That day was bathed in sunshine, and mellow fruitfulness.
Light upon green meadows, in emerald loveliness.
But those of us who did survive, will remember that noon-day hour,
As the second air-raid warning, sounded from the tower.
Like a flash of summer lightning, planes bore down on us, from the blue,
I remember each and everyone of us, in shelter 622.
Noise and smell of sulphur, hell descending from the skies.
We prayed and sat there, trembling, our shelter cracked from side to side.
So, today at St Peters, Filton, the service so well portrayed.
Hymns so aptly chosen, and words of comfort said.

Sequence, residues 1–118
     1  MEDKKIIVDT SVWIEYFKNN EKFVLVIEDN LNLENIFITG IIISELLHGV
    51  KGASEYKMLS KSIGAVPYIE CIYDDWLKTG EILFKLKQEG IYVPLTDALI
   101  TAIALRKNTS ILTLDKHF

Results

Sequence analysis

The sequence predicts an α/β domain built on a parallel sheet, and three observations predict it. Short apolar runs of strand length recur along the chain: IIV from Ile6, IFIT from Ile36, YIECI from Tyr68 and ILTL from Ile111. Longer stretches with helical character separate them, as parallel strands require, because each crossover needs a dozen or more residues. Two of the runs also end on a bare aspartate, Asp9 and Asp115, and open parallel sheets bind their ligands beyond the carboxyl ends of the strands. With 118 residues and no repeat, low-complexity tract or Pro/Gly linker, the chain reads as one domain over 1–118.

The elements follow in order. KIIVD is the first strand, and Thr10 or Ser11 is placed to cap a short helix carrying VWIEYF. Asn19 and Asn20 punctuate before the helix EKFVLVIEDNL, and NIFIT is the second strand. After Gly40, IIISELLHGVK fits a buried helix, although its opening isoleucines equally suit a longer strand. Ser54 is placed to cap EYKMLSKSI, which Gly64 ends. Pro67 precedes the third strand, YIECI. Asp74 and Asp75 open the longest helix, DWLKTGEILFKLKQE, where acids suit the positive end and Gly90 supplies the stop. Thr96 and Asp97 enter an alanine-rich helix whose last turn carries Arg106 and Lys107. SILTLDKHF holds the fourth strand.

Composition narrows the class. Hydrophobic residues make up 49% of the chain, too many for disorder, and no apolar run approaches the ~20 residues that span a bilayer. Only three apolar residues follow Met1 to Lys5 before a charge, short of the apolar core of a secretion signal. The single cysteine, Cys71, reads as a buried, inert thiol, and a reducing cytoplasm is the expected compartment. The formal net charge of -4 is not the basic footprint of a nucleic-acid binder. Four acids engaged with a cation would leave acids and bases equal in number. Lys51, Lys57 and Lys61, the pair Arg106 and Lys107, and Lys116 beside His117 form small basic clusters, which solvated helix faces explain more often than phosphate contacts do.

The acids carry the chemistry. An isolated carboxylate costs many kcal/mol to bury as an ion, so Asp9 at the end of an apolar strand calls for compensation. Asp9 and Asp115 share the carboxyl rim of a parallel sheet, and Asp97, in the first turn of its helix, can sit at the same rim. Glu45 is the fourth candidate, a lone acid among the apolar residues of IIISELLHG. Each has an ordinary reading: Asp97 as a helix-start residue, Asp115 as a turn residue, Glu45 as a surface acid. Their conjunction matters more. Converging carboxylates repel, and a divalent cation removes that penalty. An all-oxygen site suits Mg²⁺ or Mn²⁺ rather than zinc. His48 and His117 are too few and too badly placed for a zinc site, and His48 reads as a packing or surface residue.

My heart was full, to bursting, so proud was I to be,
among those who paid a tribute, of that 'tragic' memory.
So to those who are left, be thankful, not knowing what the
future will hold
But I'm sure we all have 'special' memories,
And it's we who are left, now grow old.
Written by Mary Rose Dury (née Dyer)
At the going down of the sun, and in the morning we will remember
them. - Laurence
All site material (except as noted elsewhere) is © 2012 - 2022 Aircrew Remembered and owned or managed by us
and should not be used without prior permission.
• Last Modified: 05 July 2015, 19:51 •